Upholstery was also an expensive job that required a specialist so seats were usually simply flat wood planks or possibly wood hollowed out but rush and cane or even rope were used woven over a frame for chair seats. Mattresses or simple seat cushions could be made from a tough fabric with a filling of straw or animal hair.

living in a single room - Den Gamle By - the open-air museum in Aarhus - note the bed in a drawer under the settle or bench

 

Wood for chair and table legs and for the spindles of a chair back or for stretchers between the legs - to make a stronger frame - could be turned on a simple lathe and in England these lathes were often set up out in the beech woods and the turned legs and spindles brought into town where the chairs would be assembled. Turning legs and spindles for furniture required the same tools and skills needed for making the spokes of wood wheels for carts and carriages. With turned legs and spindles the fixing was also relatively simple with the end tapered and then pushed tightly into a drilled hole and that avoided having to cut complicated mortice-and-tenon joints that needed careful work with a saw and a chisel that was best done on a proper work bench where the wood could be held securely in place.

Through into the 19th century - and even into the early 20th century - local blacksmiths could make hinges and catches and nails if they were needed for the wood furniture.

Wealthier farmers in a village or clergymen who wanted more elaborate furniture for their posher homes or for the parish church bought more sophisticated and expensive furniture from nearby towns or even from abroad and then the features and styles of those imported pieces might be copied or roughly imitated by local craftsmen.

These relatively simple and 'honest' country chairs … honest meaning straightforward and unpretentious … were and still are appreciated even in the town or city. In part, they were cheaper for workers to buy but in the late 19th and early 20th century people were moving into Copenhagen to work in the port and work in new industries and may well have brought furniture from where they had lived, out in the countryside or smaller towns, or they deliberately sought out furniture that reminded them of distant family or distant lives.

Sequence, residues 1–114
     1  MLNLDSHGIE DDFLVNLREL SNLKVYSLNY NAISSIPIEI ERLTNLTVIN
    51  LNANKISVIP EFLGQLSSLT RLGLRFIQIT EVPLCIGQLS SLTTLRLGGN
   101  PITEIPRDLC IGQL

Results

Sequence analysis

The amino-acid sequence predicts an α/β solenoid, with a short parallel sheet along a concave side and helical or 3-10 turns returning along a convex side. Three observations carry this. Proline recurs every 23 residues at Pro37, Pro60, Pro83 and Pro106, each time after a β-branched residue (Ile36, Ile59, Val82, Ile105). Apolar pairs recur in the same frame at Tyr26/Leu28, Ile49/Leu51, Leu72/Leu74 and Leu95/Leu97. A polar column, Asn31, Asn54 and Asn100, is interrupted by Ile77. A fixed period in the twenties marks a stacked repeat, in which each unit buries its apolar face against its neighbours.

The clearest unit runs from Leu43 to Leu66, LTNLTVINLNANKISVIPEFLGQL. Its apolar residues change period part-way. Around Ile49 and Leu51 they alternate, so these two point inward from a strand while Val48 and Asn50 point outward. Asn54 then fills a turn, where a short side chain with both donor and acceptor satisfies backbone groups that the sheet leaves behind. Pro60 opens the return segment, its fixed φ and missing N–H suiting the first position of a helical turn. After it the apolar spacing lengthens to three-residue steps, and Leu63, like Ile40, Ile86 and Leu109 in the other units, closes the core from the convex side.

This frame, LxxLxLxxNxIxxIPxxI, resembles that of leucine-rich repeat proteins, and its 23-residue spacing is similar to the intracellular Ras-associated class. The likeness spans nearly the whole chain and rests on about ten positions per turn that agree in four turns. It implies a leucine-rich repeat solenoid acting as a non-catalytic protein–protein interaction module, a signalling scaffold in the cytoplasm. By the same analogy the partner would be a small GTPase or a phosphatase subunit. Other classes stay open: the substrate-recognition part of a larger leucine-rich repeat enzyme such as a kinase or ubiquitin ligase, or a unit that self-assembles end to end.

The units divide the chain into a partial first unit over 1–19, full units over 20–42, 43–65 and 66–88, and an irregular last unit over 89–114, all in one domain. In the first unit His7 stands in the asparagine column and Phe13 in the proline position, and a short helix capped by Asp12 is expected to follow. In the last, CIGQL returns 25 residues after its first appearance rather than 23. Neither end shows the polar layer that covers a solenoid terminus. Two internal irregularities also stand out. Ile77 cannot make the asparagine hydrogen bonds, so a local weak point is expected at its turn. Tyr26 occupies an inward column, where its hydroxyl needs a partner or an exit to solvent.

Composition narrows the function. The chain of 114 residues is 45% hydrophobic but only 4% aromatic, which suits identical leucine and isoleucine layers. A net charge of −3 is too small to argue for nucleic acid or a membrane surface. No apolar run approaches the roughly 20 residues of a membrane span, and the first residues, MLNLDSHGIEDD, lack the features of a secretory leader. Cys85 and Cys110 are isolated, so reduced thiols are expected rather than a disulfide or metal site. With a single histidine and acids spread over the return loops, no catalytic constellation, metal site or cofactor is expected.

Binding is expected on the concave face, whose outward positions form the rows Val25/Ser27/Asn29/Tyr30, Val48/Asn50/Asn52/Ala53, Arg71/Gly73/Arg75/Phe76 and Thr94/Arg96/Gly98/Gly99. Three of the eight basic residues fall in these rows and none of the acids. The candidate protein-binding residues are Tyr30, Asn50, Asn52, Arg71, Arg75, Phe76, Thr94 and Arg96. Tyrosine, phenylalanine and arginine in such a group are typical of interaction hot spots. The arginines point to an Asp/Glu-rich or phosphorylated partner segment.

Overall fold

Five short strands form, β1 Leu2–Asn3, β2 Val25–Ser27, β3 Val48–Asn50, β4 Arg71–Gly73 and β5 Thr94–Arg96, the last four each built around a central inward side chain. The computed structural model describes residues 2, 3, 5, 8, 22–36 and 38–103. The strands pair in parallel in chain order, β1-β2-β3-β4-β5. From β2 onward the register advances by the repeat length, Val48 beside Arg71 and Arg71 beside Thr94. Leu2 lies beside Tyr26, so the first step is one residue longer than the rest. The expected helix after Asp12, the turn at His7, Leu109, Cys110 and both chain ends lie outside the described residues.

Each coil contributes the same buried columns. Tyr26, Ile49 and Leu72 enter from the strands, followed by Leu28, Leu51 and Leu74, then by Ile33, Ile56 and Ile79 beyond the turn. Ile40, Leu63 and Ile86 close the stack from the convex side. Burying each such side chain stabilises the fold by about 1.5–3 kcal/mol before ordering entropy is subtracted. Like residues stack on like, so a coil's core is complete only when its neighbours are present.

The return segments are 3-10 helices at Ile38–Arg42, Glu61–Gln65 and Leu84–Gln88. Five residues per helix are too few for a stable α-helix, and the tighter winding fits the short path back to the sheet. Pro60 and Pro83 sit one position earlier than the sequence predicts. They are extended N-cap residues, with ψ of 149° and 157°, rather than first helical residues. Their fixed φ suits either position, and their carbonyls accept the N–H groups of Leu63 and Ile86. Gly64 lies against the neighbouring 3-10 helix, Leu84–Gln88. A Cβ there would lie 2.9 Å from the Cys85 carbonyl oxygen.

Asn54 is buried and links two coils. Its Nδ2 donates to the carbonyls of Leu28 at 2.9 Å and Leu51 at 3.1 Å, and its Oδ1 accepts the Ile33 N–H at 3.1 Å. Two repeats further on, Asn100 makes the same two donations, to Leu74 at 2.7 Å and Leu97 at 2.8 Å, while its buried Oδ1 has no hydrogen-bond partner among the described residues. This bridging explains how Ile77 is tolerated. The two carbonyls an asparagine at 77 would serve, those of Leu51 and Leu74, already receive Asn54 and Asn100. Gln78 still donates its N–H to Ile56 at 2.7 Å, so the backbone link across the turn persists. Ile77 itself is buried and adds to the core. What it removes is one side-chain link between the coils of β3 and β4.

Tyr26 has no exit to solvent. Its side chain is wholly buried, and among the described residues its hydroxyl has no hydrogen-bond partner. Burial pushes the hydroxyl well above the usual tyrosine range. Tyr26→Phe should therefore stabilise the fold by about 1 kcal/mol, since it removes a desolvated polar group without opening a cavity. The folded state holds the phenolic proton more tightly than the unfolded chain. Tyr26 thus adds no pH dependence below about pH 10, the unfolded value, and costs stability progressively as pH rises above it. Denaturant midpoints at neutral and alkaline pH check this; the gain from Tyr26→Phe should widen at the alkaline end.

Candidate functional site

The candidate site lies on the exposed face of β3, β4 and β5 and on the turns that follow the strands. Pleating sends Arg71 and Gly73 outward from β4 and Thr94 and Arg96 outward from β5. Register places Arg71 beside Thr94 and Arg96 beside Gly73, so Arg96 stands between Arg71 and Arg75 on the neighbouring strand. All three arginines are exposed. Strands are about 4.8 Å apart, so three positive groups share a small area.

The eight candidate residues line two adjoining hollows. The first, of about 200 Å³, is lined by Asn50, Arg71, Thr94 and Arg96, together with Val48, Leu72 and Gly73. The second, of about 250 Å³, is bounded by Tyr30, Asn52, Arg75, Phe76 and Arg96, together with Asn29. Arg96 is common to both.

It was the unpretentious modesty and simple techniques, that looked back to straightforward local carpentry, rather than fancy foreign fashions, that meant that people saw these well-made but basic and relatively light but strong chairs with turned legs and rush seats as appropriate for churches.

Good country furniture can be seen in appropriate room settings in the open air museums in Denmark and it is worth spending time looking at these pieces to see where modern designers have taken and adapted ideas or, even more interesting, to see types of furniture that are rarely made now such as the clothes press or plate rack or even the bed built into a cupboard or the large plank chests for bedding.

Features from good country furniture can be seen in the sophisticated work of major designers of the modern period including the Nyborg Library Chairs by Hans Wegner, the 'People's Chair' by Børge Mogensen and, of course, in the Church Chair by Kaare Klint.

Church Chair by Kaare Klint